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Kirkegaard, the lead author, is a graduate student at Aarhus University in Denmark.
(The university But the data set reveals deeply personal information about many of the users. But it's entirely possible to use clues from a user's location, demographics, and Ok Cupid user name to determine their identity.
(There are some exceptions to the informed consent rule, but those do not apply when there's a chance a person's identity can be linked to sensitive information.) This data scrape, and potential future studies built on it, won't provide any of those protections.
And scientists who use this data set may be in breach of the standard ethical code.
The data, collected from November 2014 to March 2015, includes user names, ages, gender, religion, and personality traits, as well as answers to the personal questions the site asks to help match potential mates."This is without a doubt one of the most grossly unprofessional, unethical and reprehensible data releases I have ever seen," writes Oliver Keyes, a social computing researcher*, on his blog.A separate paper by Kirkegaard and describing the methods they used in the Ok Cupid data scrape (also published on the Open Science Framework) contains another big ethical red flag.The authors report that they didn't scrape profile pictures because it "would have taken up a lot of hard drive space." And when researchers asked Kirkegaard about these concerns on Twitter, he shrugged them off.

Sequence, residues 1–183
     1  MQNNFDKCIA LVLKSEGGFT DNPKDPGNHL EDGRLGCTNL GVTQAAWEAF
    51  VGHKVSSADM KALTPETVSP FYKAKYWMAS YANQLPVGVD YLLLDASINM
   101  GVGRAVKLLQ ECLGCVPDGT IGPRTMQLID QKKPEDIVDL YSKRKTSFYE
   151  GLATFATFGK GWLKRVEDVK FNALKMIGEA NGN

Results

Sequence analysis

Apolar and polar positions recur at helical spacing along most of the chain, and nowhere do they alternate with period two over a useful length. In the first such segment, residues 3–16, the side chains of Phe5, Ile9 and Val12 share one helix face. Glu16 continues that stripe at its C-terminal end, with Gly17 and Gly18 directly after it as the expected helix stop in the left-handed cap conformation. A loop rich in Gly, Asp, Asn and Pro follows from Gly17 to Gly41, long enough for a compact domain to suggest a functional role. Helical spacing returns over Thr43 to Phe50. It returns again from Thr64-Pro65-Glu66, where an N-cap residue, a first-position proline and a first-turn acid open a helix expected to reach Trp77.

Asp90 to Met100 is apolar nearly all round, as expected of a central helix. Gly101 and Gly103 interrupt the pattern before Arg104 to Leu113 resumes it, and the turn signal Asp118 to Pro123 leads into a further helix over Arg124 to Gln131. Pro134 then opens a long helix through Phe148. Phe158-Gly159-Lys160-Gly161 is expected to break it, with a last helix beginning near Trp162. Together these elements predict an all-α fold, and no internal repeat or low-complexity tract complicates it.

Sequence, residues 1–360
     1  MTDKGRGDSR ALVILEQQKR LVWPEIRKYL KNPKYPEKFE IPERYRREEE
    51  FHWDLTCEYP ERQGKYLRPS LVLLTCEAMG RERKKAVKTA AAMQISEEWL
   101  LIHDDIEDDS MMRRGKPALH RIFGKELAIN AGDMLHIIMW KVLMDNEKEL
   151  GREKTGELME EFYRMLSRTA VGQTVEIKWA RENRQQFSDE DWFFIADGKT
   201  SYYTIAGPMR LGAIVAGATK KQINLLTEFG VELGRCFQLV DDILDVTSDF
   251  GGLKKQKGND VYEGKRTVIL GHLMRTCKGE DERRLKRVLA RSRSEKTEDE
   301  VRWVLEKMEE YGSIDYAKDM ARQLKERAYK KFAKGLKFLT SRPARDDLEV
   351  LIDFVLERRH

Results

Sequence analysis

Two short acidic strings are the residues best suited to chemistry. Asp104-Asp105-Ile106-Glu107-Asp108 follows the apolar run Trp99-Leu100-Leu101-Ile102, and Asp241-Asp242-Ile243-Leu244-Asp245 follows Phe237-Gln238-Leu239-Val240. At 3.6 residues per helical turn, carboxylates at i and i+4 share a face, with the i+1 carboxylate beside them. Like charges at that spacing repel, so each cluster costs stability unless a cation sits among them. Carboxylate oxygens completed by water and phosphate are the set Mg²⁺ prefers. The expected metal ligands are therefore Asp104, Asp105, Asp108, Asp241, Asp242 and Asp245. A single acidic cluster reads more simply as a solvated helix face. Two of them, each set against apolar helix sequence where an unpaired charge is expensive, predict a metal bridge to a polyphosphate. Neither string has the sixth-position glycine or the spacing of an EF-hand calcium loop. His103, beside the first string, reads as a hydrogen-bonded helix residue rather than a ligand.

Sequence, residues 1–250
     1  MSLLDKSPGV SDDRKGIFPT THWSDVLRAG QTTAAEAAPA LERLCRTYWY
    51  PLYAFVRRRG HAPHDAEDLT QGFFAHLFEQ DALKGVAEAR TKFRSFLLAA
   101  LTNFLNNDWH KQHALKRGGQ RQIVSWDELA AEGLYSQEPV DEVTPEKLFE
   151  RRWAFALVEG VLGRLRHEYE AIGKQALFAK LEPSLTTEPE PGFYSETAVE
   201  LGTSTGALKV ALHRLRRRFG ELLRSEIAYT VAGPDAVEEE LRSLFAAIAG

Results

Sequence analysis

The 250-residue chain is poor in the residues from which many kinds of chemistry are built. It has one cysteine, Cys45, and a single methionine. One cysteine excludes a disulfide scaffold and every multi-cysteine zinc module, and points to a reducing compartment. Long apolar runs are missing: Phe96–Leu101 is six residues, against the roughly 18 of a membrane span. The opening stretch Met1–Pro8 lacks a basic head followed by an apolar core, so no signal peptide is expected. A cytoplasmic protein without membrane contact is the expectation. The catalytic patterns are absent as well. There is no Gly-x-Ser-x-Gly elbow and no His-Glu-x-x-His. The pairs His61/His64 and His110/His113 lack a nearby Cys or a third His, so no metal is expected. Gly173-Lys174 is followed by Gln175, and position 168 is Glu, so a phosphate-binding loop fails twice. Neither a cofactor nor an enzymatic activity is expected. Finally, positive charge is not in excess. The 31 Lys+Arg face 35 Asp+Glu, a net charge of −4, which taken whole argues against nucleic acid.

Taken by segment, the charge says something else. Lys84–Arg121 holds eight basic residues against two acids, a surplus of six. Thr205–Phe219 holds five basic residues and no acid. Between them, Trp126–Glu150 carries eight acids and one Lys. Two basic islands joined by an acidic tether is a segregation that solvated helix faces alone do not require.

The users hail from a few dozen countries around the world.an online forum where researchers are encouraged to share raw data to increase transparency and collaboration across social science.